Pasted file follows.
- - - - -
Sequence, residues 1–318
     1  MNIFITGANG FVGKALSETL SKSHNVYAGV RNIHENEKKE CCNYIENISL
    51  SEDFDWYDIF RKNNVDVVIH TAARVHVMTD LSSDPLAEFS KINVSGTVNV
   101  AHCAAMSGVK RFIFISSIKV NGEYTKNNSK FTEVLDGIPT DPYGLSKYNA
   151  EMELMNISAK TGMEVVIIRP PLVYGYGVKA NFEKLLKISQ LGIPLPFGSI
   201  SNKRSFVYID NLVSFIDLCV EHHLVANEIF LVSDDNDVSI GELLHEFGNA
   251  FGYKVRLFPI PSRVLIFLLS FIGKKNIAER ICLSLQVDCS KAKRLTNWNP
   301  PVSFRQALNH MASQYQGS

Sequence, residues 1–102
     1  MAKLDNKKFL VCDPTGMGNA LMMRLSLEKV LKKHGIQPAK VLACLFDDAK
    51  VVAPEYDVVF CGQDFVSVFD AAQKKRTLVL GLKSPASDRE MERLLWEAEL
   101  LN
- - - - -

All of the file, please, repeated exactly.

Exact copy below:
Sequence, residues 1–318
     1  MNIFITGANG FVGKALSETL SKSHNVYAGV RNIHENEKKE CCNYIENISL
    51  SEDFDWYDIF RKNNVDVVIH TAARVHVMTD LSSDPLAEFS KINVSGTVNV
   101  AHCAAMSGVK RFIFISSIKV NGEYTKNNSK FTEVLDGIPT DPYGLSKYNA
   151  EMELMNISAK TGMEVVIIRP PLVYGYGVKA NFEKLLKISQ LGIPLPFGSI
   201  SNKRSFVYID NLVSFIDLCV EHHLVANEIF LVSDDNDVSI GELLHEFGNA
   251  FGYKVRLFPI PSRVLIFLLS FIGKKNIAER ICLSLQVDCS KAKRLTNWNP
   301  PVSFRQALNH MASQYQGS

Sequence, residues 1–102
     1  MAKLDNKKFL VCDPTGMGNA LMMRLSLEKV LKKHGIQPAK VLACLFDDAK
    51  VVAPEYDVVF CGQDFVSVFD AAQKKRTLVL GLKSPASDRE MERLLWEAEL
   101  LN